Today @ YCAR: Tony Zeng (MA Political Science) and Tak Uesegi (PhD Anthropology) are presenting their research on Chinese Migration/Diaspora at 2:30-4:30 pm at 270B York Lanes.
Zeng: PRC Immigrants’ Political Participation in Canada
People’s Republic of China has provided the single largest immigrant source
for Canada since 1996. Despite the
increasing number of the PRC immigrants in the country, there have been only
scant academic attention paid towards the study of this ethnic group, and
certainly literatures focused exclusively on their political behaviour have not
been produced yet. Tony Zeng’s study looks at the types and patterns of PRC
immigrants’ political participation in Toronto, as well as investigates their
stance on various important political issues such as medicare reform, university
education reform, Canadian immigration policy, gay-lesbian right, Canadian China
policy, as well as compensation for the victims of Chinese Exclusion Act.
Uesegi: Narrating the Self and Community in Diaspora - Maxine Hong Kingston's
How dangerous is the narcissistic self-exposé for the marginalized subjects? Taking a step inside the skin of metanarrative of diaspora, this presentation by Tak Uesegi explores how the individuals within the diasporic communities narrate their own experiences. Maxine Hong Kingston's memoir, The Warrior Woman, allows a
glimpse of the contestations over representation and the ambivalent (dis)-identification of diasporic communities for the individuals members.
Next Week @ YCAR: Mary Young (PhD Political Science: Examining globalization through local processes:
restructuring and the politics of food production in Indonesia, February
7, 2005, TBA Time, 270B York Lanes
This talk will examine the restructuring of the agro-food system in Indonesia through research conducted at a village level the late 1990s. The emphasis will be how the politics around local forms of food production can provide insight into the transformations occurring in the agrarian sector and the rise of market discourses
Research Profile: Strengthening Canada’s relations and cooperation on governance with Muslim communities in Indonesia and Malaysia - by Judith Nagata
The “management” of Islam remains an important ongoing issue in the governance and public policy of both multi-ethnic, multi-religious pluralist democracies, and is also a continuing, reactive process. Given that Canada too is a multicultural, multireligious society, where Islam is the fastest growing faith, there could be mutual benefit from the sharing of ideas at all levels, with emphasis on exchanges between members of the transnational Muslim communities themselves. Issues might include such questions as citizenship and legal pluralism in all three countries, and particularly the accommodation of Shari’ah and civil law courts. Whether in Malaysia’s system of parallel courts, Indonesia’s attempt at harmonization of religious, customary and civil laws, or in Ontario’s recent proposal to permit Shari’ah courts under its Arbitration Act, problems of jurisdiction and authority need to be addressed. Related problems arise from the potential ambiguity over the precedence of international charters of human rights versus religious authority in global politics and state governance, where (secular) constitutional and human rights rulings may be contested by religious law and authority, especially over status of women.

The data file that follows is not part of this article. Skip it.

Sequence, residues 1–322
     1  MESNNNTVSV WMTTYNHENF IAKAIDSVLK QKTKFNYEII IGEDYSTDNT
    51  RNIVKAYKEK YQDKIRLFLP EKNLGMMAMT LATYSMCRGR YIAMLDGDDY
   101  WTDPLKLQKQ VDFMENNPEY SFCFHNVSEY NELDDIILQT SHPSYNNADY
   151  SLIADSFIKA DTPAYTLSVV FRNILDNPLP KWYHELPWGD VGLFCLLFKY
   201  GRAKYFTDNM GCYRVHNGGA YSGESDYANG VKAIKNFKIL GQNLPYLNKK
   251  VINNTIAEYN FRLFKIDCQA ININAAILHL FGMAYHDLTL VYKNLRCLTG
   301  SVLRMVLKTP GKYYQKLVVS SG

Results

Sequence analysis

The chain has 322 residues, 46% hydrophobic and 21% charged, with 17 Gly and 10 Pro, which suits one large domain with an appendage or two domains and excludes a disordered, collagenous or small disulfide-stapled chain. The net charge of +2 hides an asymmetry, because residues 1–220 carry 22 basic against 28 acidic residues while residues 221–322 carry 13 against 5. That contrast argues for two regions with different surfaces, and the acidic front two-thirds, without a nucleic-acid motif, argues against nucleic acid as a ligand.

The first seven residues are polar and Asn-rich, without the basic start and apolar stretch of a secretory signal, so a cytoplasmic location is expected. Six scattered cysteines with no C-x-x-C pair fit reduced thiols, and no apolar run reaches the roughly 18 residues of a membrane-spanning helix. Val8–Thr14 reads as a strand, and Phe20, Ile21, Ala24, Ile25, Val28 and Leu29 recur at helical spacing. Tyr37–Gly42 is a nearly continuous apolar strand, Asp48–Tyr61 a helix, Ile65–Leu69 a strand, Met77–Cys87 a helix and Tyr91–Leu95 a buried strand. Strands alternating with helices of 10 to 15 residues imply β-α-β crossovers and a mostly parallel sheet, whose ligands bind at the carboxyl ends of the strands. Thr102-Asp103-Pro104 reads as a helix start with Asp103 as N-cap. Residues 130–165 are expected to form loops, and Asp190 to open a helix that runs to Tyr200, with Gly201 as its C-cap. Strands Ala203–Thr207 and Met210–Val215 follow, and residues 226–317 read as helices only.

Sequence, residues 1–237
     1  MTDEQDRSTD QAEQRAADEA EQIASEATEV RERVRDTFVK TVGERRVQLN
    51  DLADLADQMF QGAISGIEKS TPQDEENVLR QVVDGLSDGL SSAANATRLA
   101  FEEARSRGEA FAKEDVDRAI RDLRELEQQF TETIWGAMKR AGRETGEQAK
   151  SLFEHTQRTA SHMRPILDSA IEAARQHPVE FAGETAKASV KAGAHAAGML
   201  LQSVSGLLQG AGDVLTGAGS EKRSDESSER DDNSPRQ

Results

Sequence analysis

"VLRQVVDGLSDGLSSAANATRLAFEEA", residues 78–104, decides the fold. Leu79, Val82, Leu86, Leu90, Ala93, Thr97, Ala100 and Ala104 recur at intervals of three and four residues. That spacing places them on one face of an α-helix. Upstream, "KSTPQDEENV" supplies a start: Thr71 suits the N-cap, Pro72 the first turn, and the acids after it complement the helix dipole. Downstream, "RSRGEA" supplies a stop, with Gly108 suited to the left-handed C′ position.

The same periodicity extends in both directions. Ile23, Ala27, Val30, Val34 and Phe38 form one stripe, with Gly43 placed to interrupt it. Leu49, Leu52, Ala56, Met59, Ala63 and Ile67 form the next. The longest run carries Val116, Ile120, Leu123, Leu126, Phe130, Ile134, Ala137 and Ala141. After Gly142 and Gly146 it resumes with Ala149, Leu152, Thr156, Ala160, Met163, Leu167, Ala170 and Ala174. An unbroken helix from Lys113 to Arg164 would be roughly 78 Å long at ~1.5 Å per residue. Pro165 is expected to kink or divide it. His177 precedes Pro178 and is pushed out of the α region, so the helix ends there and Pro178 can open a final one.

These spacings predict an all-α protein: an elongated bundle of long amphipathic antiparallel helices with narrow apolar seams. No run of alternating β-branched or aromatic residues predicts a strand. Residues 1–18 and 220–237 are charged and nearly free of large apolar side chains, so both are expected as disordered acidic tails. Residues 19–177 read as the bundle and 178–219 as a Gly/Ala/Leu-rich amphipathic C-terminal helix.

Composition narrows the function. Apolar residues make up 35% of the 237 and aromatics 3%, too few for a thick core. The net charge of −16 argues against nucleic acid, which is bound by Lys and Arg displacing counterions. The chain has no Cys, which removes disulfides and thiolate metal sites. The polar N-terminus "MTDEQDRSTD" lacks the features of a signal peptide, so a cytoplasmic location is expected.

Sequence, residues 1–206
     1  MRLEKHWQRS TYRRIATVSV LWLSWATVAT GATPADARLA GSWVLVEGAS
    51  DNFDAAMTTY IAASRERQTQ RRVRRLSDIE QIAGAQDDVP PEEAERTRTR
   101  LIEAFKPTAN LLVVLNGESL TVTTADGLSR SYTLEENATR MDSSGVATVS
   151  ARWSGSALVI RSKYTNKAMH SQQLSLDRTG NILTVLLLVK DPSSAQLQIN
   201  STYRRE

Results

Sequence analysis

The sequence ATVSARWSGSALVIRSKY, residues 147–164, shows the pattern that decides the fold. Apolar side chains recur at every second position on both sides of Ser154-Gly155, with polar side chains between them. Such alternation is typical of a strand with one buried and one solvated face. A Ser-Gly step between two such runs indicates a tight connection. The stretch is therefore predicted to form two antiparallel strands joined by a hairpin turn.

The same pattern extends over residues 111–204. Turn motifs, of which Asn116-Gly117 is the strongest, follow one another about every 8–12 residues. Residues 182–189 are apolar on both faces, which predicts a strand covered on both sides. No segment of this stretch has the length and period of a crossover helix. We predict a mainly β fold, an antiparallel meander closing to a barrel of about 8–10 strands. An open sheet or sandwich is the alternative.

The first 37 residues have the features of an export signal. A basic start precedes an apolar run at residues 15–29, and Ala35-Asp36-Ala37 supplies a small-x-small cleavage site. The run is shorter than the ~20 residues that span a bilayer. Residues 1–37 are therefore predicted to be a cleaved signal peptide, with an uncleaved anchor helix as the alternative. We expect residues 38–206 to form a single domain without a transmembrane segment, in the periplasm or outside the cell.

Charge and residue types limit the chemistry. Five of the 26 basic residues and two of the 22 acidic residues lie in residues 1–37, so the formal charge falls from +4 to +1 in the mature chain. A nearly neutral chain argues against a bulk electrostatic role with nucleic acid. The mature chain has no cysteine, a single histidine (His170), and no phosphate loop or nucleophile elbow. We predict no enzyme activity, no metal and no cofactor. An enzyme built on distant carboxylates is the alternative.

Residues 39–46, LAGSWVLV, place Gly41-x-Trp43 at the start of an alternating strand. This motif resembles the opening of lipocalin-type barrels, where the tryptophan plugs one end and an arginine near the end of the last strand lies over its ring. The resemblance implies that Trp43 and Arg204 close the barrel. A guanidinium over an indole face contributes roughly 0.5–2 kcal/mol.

Much potential for non-state, informal diplomacy exists in the civil society arena in all three countries. In both Malaysia and Indonesia, there have been experiments in alternative forms of governance, sometimes combining a mix of religious and non-religious authority, with the intent to develop localized or communal styles of democracy and ethical society. These include Malaysia’s Arqam/Rufaqa movement and Indonesia’s nation-wide Muhammadiya and Nahdlatul Ulama (NU), all of which deliver welfare, medical, educational and social services beyond their own community, and arguably supplement the services of the state. Many of their members belong to the educated middle classes, with international contacts, and clearly need to be engaged in dialogues about democracy, governance and other civic moralities. In the domain of post-secondary education, enormous opportunities exist for multi-directional connections among students and teachers: these are among the most mobile and influential members of society, and their network create useful social capital for a generation following their common experiences. Canada initiated the highly successful McGill project, and has contributed to a variety of small civil society organizations promoting cultural heritage, environment and women’s issues in Malaysia. These human and material resources need to be sustained and reinforced, since everyone involved agrees that even a small investment generates disproportional social capital and profit, as well as extending civil society networks transnationally.